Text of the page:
Secrets exposed, betrayals confronted

13 August 2019 - 12:06
Bulbring explores betrayal and the parallels of a 1960s and contemporary Johannesburg in her latest novel.
Bulbring explores betrayal and the parallels of a 1960s and contemporary Johannesburg in her latest novel.
Image: NB Publishers

A story of two girls living in Johannesburg.

Two acts of betrayal, set more than 50 years apart.

Johannesburg, 1963. Nelson Mandela is on trial and the nine-year-old Margaret Channing-Court unwittingly attracts the attention of the security police to her home. Forced to make a choice, she watches helplessly as her family is destroyed.

More than 50 years later, Jenna Moore, a troubled 15-year-old, is packing up her Aunt C-C’s Johannesburg house. She prises open a locked drawer and finds an old letter addressed to her aunt. One of a few words stands out clearly: MURDERER.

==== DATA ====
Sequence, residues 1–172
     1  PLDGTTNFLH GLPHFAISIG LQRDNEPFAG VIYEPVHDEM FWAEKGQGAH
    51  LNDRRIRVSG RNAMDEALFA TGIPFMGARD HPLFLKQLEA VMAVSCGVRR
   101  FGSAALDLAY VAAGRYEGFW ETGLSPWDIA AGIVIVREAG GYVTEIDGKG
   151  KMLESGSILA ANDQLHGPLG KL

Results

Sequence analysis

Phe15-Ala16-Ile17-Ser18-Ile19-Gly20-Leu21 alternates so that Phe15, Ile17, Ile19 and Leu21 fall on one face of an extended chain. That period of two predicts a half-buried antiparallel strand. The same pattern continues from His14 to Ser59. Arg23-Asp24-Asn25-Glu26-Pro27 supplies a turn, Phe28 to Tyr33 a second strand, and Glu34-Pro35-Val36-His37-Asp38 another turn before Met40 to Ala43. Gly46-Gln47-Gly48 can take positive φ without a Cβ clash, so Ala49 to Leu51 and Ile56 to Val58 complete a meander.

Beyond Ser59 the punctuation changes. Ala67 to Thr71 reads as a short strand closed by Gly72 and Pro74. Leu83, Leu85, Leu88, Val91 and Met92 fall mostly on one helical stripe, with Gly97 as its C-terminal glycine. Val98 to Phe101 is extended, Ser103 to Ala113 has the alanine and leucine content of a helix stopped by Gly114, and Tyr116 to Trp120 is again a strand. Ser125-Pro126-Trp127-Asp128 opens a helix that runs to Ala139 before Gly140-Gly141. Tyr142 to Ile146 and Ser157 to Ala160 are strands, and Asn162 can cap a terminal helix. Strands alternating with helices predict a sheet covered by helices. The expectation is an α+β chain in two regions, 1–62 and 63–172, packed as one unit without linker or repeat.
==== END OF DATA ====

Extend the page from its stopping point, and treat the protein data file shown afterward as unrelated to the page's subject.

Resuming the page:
As Jenna discovers the clues which reveal the secret her aunt has attempted to keep hidden all her life, she is forced to confront her own shameful act of betrayal.

Edyth Bulbring attended UCT, where she completed a BA and edited the university newspaper, Varsity.

Having worked as a journalist for 15 years, which included covering the 1994 elections during her position as political correspondent at The Sunday Times, Bulbring eventually moved into writing full time. She is the author of Pops & the Nearly Dead (Penguin, 2010) and The Club (Jonathan Ball, 2008).

Bulbring gained recognition for her young adult novels, The Summer of Toffie and Grummer (OUP) and Cornelia Button and the Globe of Gamagion (Jacana). Melly, Mrs Ho and Me and Melly, Fatty and Me (Penguin SA) were published in the UK by Hot Key Books in 2013. She lives in Stanford, Western Cape.


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